Waking Mars should be the perfect game for me. I love atmospheric space exploration games, where you feel that a flimsy spacesuit is all that stands between you and the harshness of space, and that feeling of loneliness and being far from home keeps you pushing on against the unknown.
A perfect example of this is A Long Way Home, which I loved on iPad, and I hope to see elements of it in the forthcoming Prevail, the developers of which I interviewed recently. So, as you could imagine, I was extremely excited to get the chance to play Waking Mars, especially when I knew it was from the developer of the sublime Spider: The Secret of Bryce Manor.
It is with a heavy heart that I have to report that Waking Mars doesn’t quite live up to its potential. It is undoubtedly a very good game, but a couple of seemingly small missteps conspire to spoil what should be the most important aspect of a game like this; the atmosphere.
The game puts you in the space boots of one of the first human explorers of Mars, on a mission to investigate reports of alien flora and fauna sent back from the deep caverns of the red planet by a probe. The game is a side scrolling platform game, with heavy elements of exploration. You get a surprisingly large freedom of movement from the outset, with a jet-pack helping you reach elevated areas, and is also handy in slowing down dangerous falls.
You go from cavern to cavern, experimenting with the various forms of life that you find to help you discover more about them and, ultimately, help you proceed through the game. Each form of life reacts in different ways to various inputs and items, a very early example of which are the basic plant life that you discover. You are soon picking your way through the bones of an ancient alien civilisation, and it is here that the game is at its most endearing and enjoyable and indeed, that last third of the game is where the game really starts to stretch its legs, with innovative and thoughtful puzzles combining well with the thirst for knowledge that you will have by this point.
My main concern with the game is really the first third of the adventure. You find your first lifeforms within a few minutes of playing, and I fell that this is a mistake, as if a little more time was spent in the caverns just exploring, the discovery of life would have been more of an event, instead of the mild interest that is shown by the game’s characters. While I am on the subject of characters, Waking Mars has it’s story told through the talking heads of your own character and your assistant, back in your ship. The problem here is that the art style for your assistant is woefully out of place, and sucks the atmosphere from the game. She looks like she has been cut and pasted from The Sims, so out of place are her expressions. Really awful, and it is no small coincidence that as you get further into the game, you hear from her far less often, and the enjoyment factor rises.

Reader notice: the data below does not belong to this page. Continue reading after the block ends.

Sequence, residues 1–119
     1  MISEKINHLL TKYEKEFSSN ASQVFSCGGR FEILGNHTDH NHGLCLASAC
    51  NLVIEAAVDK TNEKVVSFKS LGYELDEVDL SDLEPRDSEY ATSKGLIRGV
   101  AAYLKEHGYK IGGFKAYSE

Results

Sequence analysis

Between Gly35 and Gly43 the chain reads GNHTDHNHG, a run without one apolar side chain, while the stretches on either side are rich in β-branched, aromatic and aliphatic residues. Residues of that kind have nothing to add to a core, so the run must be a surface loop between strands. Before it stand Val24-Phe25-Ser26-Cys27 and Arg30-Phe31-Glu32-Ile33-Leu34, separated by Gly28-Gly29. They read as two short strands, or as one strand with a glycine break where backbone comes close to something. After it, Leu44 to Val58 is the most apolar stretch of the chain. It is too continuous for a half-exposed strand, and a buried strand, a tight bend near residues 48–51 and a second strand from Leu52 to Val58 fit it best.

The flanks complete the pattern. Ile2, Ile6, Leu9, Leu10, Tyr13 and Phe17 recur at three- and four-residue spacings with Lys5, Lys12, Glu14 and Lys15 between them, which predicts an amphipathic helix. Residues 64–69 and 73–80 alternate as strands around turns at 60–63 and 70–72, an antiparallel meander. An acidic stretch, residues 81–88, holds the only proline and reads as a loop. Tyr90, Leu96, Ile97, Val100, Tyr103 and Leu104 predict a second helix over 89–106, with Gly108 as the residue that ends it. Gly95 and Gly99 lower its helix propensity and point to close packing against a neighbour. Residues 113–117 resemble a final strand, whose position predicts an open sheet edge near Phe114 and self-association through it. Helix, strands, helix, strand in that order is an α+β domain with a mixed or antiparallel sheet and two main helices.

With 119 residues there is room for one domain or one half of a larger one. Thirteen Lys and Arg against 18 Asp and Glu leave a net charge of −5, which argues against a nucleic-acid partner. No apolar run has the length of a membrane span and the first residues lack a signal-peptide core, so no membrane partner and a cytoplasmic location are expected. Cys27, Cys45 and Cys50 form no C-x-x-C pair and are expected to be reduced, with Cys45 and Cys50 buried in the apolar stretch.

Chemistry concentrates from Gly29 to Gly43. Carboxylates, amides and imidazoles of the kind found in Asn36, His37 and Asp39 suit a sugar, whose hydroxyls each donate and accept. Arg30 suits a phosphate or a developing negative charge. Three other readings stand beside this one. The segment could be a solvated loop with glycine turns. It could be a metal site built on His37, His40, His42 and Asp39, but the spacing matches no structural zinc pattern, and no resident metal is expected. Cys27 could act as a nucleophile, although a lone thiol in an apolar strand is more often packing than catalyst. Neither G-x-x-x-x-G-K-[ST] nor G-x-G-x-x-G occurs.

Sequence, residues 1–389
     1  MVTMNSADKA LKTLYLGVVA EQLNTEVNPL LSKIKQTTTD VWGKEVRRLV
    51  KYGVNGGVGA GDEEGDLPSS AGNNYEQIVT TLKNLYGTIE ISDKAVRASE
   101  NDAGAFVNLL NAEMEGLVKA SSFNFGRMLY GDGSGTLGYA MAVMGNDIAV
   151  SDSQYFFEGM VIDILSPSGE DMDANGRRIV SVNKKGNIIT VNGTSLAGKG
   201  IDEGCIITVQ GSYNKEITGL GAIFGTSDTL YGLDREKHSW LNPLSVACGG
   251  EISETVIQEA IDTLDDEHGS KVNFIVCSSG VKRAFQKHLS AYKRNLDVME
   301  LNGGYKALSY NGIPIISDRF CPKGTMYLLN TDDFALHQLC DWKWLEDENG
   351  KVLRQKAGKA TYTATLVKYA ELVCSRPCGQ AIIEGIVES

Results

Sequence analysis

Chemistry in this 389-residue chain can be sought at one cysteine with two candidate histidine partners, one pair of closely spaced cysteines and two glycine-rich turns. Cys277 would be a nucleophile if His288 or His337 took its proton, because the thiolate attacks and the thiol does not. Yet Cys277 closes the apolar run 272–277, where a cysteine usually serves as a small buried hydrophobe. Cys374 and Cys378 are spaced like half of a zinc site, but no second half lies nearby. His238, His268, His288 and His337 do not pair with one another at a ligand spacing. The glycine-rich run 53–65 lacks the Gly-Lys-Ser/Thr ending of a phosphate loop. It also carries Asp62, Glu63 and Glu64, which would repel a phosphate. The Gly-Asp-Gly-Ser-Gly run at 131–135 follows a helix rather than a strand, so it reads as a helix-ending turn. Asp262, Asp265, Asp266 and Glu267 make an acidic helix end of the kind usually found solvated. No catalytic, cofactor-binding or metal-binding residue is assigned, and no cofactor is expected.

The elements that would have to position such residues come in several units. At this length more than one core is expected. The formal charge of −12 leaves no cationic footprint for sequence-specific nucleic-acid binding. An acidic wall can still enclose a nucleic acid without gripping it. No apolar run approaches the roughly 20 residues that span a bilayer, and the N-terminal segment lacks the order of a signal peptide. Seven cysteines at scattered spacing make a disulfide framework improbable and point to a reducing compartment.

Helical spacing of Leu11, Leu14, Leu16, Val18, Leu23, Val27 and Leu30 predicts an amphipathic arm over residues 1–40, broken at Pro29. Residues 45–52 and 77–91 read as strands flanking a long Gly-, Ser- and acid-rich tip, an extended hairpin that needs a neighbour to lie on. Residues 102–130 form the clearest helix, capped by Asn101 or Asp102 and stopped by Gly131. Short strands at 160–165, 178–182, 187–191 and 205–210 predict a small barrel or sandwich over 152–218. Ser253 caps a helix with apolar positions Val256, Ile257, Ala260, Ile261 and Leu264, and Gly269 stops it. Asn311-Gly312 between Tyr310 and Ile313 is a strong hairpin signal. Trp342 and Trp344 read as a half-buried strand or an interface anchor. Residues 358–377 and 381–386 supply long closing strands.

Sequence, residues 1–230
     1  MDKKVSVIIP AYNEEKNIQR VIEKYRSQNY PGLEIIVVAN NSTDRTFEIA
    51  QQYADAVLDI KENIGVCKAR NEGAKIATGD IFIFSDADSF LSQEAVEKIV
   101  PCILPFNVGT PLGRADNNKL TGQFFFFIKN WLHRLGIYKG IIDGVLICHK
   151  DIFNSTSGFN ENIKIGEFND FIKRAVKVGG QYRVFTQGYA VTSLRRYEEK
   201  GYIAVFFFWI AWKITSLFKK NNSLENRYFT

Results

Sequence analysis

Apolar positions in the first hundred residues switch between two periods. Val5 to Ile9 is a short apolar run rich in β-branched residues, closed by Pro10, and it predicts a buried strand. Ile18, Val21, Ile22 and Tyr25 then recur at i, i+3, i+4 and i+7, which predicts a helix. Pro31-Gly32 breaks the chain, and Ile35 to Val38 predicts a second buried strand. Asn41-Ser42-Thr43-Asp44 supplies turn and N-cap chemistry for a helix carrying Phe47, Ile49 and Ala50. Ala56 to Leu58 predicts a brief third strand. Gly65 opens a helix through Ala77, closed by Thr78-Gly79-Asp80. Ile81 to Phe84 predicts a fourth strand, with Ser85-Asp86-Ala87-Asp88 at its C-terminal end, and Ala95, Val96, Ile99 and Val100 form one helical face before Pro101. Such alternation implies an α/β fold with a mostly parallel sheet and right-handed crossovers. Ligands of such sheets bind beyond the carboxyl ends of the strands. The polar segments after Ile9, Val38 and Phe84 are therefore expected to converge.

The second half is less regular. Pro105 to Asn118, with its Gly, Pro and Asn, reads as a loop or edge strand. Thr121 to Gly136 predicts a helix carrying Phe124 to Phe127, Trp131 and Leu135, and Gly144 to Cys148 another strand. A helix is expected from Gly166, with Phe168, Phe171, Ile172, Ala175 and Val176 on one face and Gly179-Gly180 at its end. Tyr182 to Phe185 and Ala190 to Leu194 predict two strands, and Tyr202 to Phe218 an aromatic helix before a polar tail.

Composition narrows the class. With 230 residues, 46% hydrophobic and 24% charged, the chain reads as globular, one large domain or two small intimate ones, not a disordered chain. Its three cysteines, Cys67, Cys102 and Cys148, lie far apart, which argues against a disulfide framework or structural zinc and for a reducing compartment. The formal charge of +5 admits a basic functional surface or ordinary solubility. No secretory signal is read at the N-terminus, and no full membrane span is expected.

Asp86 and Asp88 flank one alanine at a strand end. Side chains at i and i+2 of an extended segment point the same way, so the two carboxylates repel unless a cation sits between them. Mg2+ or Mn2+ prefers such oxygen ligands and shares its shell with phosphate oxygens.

There are far too many of these scenes early on, taking away from that all important feeling of loneliness. The other problem I have with the game is the controls are a bit too fiddly, especially if you are trying to fly your jetpack and use an item at the same time. It is never a difficult game, but frustration can set in.
Despite these issues, Waking Mars is a very good game. The approach to dealing with alien life, and using it to progress is brilliant, and the graphics and music are fabulous. There are some genius level designs later on, and the fate of the alien civilisation is both interesting an engrossing, making the last sections of the game really enjoyable.
Waking Mars gets off to a bad start, and makes a few silly mistakes but it gets stronger and more confident later on, meaning that this is a high quality slow burner that will no doubt win a legion of fans. Overall, a very good game that falls short of greatness, but still comes with a good recommendation.